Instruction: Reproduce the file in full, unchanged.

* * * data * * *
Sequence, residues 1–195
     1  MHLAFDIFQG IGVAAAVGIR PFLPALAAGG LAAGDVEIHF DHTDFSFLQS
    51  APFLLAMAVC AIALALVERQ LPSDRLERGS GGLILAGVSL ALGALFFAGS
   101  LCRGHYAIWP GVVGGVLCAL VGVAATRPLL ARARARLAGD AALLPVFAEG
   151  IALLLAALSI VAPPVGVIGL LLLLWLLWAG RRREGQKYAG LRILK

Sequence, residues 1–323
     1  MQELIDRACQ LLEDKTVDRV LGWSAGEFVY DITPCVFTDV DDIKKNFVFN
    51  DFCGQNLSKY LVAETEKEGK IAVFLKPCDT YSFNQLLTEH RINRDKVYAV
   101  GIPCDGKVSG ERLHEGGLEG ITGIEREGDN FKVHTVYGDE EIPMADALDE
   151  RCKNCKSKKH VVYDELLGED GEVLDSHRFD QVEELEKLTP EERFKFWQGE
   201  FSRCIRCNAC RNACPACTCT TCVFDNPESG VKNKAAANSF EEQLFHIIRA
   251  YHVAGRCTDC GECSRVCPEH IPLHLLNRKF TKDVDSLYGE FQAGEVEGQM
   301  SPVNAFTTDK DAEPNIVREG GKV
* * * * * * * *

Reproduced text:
Sequence, residues 1–195
     1  MHLAFDIFQG IGVAAAVGIR PFLPALAAGG LAAGDVEIHF DHTDFSFLQS
    51  APFLLAMAVC AIALALVERQ LPSDRLERGS GGLILAGVSL ALGALFFAGS
   101  LCRGHYAIWP GVVGGVLCAL VGVAATRPLL ARARARLAGD AALLPVFAEG
   151  IALLLAALSI VAPPVGVIGL LLLLWLLWAG RRREGQKYAG LRILK

Sequence, residues 1–323
     1  MQELIDRACQ LLEDKTVDRV LGWSAGEFVY DITPCVFTDV DDIKKNFVFN
    51  DFCGQNLSKY LVAETEKEGK IAVFLKPCDT YSFNQLLTEH RINRDKVYAV
   101  GIPCDGKVSG ERLHEGGLEG ITGIEREGDN FKVHTVYGDE EIPMADALDE
   151  RCKNCKSKKH VVYDELLGED GEVLDSHRFD QVEELEKLTP EERFKFWQGE
   201  FSRCIRCNAC RNACPACTCT TCVFDNPESG VKNKAAANSF EEQLFHIIRA
   251  YHVAGRCTDC GECSRVCPEH IPLHLLNRKF TKDVDSLYGE FQAGEVEGQM
   301  SPVNAFTTDK DAEPNIVREG GKV